2010 CV Boot crack/leak

Took my 2010 Corolla to Dealer for a routine oil change a few days ago. It has less than 49,000 miles. The Service Rep., who I learned was fairly new there, gave me a long list of things that needed to be done which seemed questionable to me. I didn't agree to have anything done at that time until I could check manual and maybe get second opinion. The one thing that concerned me most was that he said CV Boot on passenger side was cracked and leaking and would cost $333. Took car next day to a reputable Tire and Repair company near me. He put the car on the rack and informed me that there was no crack and that with such low mileage it would be unlikely to find. Cost there would have been $165. Both places would replace left axial and not just the boot. For about 4 days I have checked for a leak by placing cloth on garage floor. No signs but don't know if there would be. I understand there are noises you should listen for if there is a problem but since I have a hearing impairment that's not reliable. Would like to know if anyone else has any experience with this. Will you see the leak on the floor? Should I get a third opinion to be sure?
oh yeah Elizabeth, to confirm you need to ask the advisor of the shop that their technician needs to verify every line of the rubber boots ( what i mean is, if it is a thorough checkup, the technician will turn the wheels and slowly check the cv axles checking for grease leak on the boots (inner and outer for every side) and oil leak on the might come from the axle seal. the technician might need to tell you what level of leak ( sweating leak, broken rubber boots ( small or big cut/s)) if theres any.

they need to test drive it too, and able to tell you if there are noises coming from the axles, again, if the noise is coming from the inner or outer. you can have a friend in the car and listen to the noises.

for example, in order for you to know if the outer CVs are worn out or damaged, you can replicate it by doing a parking maneuvering, like you turn the the wheels , all the way to the right then go into circles and vice versa. if you heard a noise, one of you can check it by opening the window on each side and find where the noise is louder. you know what i mean.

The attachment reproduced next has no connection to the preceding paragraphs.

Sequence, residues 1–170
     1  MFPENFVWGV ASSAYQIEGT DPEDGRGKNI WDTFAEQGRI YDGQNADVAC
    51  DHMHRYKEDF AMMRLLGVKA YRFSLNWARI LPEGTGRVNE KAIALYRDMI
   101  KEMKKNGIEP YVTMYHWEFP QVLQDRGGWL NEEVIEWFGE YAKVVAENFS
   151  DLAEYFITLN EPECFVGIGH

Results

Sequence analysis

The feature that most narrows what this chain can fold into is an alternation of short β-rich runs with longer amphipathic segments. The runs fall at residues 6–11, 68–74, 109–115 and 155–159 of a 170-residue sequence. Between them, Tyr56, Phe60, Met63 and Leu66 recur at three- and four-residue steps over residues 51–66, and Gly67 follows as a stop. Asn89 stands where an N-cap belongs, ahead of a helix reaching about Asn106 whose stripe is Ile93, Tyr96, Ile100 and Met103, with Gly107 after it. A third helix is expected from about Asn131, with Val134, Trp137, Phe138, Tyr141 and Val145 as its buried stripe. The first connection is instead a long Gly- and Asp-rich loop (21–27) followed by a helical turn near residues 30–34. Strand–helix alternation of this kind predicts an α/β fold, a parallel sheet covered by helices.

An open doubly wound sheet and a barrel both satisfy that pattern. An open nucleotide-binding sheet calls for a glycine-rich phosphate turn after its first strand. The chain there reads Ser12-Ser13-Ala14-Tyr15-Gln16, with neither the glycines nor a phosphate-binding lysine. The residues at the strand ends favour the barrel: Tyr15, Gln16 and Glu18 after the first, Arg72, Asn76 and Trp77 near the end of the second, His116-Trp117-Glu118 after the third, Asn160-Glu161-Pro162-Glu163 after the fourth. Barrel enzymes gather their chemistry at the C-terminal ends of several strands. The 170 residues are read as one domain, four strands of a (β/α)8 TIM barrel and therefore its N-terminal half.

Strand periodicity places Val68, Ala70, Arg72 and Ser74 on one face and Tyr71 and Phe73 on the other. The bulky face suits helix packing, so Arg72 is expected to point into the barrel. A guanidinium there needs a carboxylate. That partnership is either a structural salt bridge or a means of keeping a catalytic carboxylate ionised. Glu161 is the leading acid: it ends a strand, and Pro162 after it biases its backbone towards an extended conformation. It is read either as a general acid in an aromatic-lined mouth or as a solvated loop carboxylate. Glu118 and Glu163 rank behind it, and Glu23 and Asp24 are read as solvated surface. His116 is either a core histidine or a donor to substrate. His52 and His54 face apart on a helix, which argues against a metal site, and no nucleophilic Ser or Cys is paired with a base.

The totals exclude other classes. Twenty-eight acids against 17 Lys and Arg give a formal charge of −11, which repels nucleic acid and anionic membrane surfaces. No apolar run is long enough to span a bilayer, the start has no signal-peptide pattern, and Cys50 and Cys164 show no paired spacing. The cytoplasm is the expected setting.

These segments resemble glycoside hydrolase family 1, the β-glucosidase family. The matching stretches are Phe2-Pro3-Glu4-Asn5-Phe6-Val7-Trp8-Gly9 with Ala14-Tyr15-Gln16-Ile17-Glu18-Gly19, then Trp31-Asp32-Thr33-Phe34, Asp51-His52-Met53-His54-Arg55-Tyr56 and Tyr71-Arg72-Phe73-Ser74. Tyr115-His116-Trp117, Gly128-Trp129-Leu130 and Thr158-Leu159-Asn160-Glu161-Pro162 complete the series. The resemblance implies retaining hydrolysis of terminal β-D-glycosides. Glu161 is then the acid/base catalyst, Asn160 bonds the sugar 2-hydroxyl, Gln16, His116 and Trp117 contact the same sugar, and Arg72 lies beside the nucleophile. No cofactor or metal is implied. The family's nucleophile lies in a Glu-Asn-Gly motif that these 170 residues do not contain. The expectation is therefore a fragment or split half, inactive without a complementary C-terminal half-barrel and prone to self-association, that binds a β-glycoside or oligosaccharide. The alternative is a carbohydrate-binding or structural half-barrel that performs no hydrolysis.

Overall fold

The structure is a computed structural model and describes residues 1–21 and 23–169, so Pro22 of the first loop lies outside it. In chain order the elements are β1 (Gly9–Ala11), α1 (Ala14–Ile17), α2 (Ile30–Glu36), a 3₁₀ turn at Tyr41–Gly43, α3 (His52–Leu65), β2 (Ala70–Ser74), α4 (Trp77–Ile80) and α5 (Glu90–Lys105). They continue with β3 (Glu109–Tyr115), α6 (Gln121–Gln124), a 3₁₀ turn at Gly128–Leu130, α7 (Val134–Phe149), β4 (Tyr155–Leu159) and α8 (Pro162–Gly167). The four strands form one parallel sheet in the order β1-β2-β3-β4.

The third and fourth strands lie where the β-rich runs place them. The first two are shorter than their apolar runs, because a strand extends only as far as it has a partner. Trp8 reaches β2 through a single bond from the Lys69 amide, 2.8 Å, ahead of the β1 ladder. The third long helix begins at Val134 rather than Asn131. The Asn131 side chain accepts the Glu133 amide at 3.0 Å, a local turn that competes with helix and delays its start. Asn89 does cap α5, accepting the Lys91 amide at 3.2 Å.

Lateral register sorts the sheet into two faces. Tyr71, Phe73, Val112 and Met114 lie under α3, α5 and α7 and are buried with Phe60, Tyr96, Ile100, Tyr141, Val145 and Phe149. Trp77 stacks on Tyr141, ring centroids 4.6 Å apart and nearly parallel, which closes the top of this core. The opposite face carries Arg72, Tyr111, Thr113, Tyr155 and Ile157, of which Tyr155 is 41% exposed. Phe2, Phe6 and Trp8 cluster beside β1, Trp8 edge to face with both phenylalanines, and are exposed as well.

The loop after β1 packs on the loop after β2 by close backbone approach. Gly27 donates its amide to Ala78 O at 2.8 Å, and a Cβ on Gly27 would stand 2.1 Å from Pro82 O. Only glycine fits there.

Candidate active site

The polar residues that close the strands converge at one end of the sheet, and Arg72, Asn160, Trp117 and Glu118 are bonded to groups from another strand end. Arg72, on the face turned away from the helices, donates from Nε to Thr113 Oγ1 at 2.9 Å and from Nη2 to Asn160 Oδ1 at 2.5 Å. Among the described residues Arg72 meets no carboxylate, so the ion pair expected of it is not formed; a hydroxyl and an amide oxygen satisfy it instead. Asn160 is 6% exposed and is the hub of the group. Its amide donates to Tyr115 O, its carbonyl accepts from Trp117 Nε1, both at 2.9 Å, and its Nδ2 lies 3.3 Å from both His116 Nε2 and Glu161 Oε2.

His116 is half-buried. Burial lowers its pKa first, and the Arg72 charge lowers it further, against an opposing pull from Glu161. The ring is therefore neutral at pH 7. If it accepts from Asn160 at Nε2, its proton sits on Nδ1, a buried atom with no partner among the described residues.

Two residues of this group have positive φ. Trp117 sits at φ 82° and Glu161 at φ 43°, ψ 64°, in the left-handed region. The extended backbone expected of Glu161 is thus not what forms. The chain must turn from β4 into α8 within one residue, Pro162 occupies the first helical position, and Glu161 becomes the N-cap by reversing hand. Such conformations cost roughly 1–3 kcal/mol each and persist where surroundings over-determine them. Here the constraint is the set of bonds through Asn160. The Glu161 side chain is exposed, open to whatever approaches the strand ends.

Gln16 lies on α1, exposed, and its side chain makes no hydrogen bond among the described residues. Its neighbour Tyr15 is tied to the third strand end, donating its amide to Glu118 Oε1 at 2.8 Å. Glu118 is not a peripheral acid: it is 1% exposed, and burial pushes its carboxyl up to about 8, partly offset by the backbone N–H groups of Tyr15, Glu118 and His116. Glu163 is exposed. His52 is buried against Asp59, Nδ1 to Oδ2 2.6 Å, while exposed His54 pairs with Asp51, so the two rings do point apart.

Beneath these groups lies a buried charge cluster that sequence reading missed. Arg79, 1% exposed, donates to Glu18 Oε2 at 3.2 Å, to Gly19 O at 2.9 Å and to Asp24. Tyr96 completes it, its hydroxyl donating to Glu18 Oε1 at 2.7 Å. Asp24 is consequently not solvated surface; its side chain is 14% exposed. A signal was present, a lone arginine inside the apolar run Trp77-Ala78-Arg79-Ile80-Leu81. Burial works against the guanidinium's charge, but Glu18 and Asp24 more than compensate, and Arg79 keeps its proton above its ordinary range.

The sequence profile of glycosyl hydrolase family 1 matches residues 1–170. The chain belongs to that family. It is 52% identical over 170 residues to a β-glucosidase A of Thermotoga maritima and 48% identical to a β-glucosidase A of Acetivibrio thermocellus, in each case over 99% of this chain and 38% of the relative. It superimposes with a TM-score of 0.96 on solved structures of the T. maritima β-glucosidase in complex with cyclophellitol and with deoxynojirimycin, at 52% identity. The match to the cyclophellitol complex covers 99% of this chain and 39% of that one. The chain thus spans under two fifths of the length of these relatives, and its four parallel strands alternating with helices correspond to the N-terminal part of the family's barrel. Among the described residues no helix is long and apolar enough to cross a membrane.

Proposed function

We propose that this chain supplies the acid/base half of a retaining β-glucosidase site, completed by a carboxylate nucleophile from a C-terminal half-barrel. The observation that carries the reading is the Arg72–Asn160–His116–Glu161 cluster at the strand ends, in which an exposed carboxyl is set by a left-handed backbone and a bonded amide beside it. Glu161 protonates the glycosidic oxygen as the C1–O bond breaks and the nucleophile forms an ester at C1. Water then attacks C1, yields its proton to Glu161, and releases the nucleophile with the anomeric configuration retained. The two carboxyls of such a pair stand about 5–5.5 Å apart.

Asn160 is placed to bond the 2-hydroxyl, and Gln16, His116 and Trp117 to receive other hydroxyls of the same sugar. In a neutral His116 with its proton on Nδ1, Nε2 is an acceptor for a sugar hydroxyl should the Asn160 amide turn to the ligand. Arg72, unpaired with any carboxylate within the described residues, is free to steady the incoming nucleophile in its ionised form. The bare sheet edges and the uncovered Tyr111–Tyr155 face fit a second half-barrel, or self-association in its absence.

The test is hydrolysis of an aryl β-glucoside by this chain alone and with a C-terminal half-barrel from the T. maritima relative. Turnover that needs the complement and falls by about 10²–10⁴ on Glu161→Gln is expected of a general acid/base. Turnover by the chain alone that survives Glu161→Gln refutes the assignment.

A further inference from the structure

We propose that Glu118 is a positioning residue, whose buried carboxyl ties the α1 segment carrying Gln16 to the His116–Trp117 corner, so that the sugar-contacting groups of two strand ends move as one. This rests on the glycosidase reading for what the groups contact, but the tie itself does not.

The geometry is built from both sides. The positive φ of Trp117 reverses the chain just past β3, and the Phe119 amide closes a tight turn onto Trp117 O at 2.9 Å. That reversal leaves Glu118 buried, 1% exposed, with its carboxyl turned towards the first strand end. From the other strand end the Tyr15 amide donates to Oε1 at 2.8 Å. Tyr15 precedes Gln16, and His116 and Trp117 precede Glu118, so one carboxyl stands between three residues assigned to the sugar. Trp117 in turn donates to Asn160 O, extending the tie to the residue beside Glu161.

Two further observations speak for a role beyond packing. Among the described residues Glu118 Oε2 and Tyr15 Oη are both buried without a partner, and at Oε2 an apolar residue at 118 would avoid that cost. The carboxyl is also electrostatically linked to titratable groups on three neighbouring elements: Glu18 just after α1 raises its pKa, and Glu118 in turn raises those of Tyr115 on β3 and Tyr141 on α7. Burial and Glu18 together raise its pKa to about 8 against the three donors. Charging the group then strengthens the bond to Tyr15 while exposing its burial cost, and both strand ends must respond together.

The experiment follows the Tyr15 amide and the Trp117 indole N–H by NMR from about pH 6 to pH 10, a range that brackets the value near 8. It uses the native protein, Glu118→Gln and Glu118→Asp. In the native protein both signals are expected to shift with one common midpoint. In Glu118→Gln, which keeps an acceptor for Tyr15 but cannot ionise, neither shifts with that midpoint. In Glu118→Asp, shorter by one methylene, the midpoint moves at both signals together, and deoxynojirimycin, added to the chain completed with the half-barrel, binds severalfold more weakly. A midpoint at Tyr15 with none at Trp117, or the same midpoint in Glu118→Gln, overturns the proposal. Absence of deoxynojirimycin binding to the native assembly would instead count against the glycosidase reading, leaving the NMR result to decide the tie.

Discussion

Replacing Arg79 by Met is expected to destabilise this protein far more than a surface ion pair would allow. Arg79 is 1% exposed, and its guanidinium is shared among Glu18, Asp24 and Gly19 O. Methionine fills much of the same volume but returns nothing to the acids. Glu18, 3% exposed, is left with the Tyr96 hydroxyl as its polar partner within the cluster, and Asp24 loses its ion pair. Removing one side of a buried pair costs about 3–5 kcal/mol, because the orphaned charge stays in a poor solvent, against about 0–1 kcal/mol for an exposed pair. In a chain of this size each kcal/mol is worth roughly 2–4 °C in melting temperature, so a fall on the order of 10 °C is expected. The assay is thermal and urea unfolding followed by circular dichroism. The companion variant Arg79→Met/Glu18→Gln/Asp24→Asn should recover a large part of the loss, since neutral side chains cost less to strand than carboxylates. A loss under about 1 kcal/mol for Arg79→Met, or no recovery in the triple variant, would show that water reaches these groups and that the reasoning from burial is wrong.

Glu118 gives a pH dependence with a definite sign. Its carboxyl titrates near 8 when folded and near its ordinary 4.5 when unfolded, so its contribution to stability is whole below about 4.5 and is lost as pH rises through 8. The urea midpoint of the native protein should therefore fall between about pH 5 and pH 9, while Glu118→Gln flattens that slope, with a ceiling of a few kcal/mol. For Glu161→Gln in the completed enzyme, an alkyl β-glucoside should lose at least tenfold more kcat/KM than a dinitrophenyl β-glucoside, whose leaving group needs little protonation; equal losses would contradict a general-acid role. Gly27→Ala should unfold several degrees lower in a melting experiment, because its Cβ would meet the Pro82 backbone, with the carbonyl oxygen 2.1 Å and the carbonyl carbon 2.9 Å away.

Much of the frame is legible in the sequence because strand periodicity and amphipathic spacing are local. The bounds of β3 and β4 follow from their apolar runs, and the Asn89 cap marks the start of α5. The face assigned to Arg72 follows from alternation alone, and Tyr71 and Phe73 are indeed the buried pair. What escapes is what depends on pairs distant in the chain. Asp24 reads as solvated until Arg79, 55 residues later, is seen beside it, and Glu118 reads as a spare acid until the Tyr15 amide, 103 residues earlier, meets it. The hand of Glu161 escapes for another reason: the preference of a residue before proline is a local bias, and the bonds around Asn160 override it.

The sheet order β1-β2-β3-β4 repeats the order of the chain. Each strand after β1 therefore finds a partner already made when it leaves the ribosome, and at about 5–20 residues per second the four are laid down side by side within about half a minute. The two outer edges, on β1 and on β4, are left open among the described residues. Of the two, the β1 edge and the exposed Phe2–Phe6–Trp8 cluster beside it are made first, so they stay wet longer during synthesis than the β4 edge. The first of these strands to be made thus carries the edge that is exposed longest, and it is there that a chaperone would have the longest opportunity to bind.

OR whilst your corolla is up the hoist, ask if you can go and take a look with the tech. tell them you were just curious about it and wanting to see whats going on OR ask them right away before accepting your car for checkup if you can go inside and see it whilst up on the hoist.
Ashton, thank you so much for your reply. Have copied and printed it. Pretty sure dealership didn't do all that much checking considering it only took a few minutes to come back with a list of things to be done. Planning to have someone ride with me to check for noise as I have done this by myself and have not heard anything. However, doesn't help being deaf in right ear which is the side dealership indicated cracked CV boot was on. Have been told this dealership won't allow you in shop area so I may try for a third opinion after the holidays just to be sure. Had this been the only thing on the list of things to be done I would have been less suspicious or if there hadn't been other questionable items. Thanks for all the great suggestions.
A CV axle doesn't leak like an oil pan does. The grease in the CV boot is heavy and not thin like oil. If the boot is leaking or some other issue, you will see the grease splattered on surrounding parts and frame. I don't think it will leak on to the floor as the other parts and frame don't get hot enough to melt the grease and have it drip on to the floor.

If all of the grease is out of the boot, the joint will be metal on metal and you will hear a clunking noise when turning the wheel one way or the other. If really bad, the front end might jump when turning the wheel hard because it is metal on metal. Depending on the pace of the grease exiting the boot, you may not hear any noise from the CV joint for a long time. It is unlikely that all of the grease exits the boot like happens when you remove the oil drain plug. Of course, if the boot fell off or was removed or had a big slit in the side etc. would cause mass exodus but that is very rare.

Simply jack up the front end and look all around the CV axles and see if you see grease spattered all around. The axle tuns at a high rate so the grease would splatter fast and hard.

Check youtube for CV axle videos and you will see exactly how they work and can talk intelligently when you challenge the repair shop! :)

Good luck!